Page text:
CARDENIO: This contemporary effort is tedious, meandering, and bereft of the poetry and rueful human insight the Bard wraps into his comedies.
Cardenio, an early-17th-century play in which Shakespeare may well have had a hand, has been MIA since its debut and will doubtless remain so. Eminent Harvard Shakespeare scholar Stephen Greenblatt and dramaturgical collage artist Charles L. Mee have not rummaged in the back of some closet to unearth a missing masterpiece. To produce their retooled Cardenio, they instead took a generous grant from the Mellon Foundation, with which they took a lovely vacation in Umbria and came up with a protracted contemporary comedy inspired by the Bard in general and the probable subject manner of Cardenio in particular. Some of the collaborators’ magical Umbrian holiday (the wine! the art! the pecorino!) does make it into the text — something one hopes does not qualify the authors for a tax write-off — but, alas, little of the magic itself.
You might think Greenblatt and Mee would be the perfect team for this stunt being pulled off by the American Repertory Theatre (at the Loeb Drama Center through June 8). Among Shakespeare specialists, Greenblatt has the literary, if not the literal, heft of Harold Bloom, and Mee is as prodigious a recycler as the Bard himself. Here the pair transplant a group of young Americans to a romantic Italian villa for a weekend wedding party that’s knocked awry by assorted Bardic devices augmented by one from Don Quixote in which a suspicious husband prevails upon his best friend (here named Will) to test his new wife’s fidelity by hitting on her. That set in motion, the groom’s Player-King-and-Queen parents turn up brandishing, they say, the lost play of Shakespeare, which they want the nuptial revelers to put on. They also have in tow an actress some of the crowd once knew who will conveniently round out a quartet of mix-and-rematch lovers reminiscent of A Midsummer Night’s Dream’s.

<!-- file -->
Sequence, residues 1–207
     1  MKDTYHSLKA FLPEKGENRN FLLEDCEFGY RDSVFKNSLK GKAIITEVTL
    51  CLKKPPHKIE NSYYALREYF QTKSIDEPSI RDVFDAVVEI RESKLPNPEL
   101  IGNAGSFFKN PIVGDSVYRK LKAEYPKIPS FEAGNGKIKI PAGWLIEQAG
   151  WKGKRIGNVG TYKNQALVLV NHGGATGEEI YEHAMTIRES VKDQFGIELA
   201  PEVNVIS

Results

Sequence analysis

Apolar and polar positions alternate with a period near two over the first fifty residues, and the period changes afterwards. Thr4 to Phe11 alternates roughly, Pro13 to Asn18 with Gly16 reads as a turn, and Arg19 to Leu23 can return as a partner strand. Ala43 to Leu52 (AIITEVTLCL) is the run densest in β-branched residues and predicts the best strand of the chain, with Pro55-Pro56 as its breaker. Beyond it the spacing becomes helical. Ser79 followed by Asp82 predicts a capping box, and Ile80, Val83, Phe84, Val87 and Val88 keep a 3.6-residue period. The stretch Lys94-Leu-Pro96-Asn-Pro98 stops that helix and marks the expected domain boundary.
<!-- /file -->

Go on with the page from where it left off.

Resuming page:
The play the parents are pushing, as Mom explains in a giddy but still awkward aria of exposition, is based on the Don Quixote–derived Cardenio that was performed at least twice by Shakespeare’s company, the King’s Men, in 1613, and registered but not published in 1653, when it was attributed to Shakespeare and sometime collaborator John Fletcher. The manuscript was alleged to have resurfaced in 1727, when Lewis Theobald rewrote it as Double Falshood; or, The Distrest Lovers. Indeed, part of what is presented here as the play within the play, performed (and panned) by the wedding party, is lifted straight from Double Falshood.
This all sounds ingenious, and Greenblatt and Mee throw in Shakespearean fillips ranging from overheard conversations and confused romantic yearning to a malignant confidante and a hammy rude mechanical. The second act even finds the whole assemblage gotten up in Elizabethan garb, the traveling-player parents apparently having arrived in a costume truck. But this new Cardenio is tedious, meandering, and bereft of the poetry and rueful human insight Shakespeare wraps into his comedies. Some of it is written in a sort of rhythmic blank verse, but the sentiments are trite, and the only thing that’s remotely rhapsodic is the resident cook’s explication of his pasta dishes.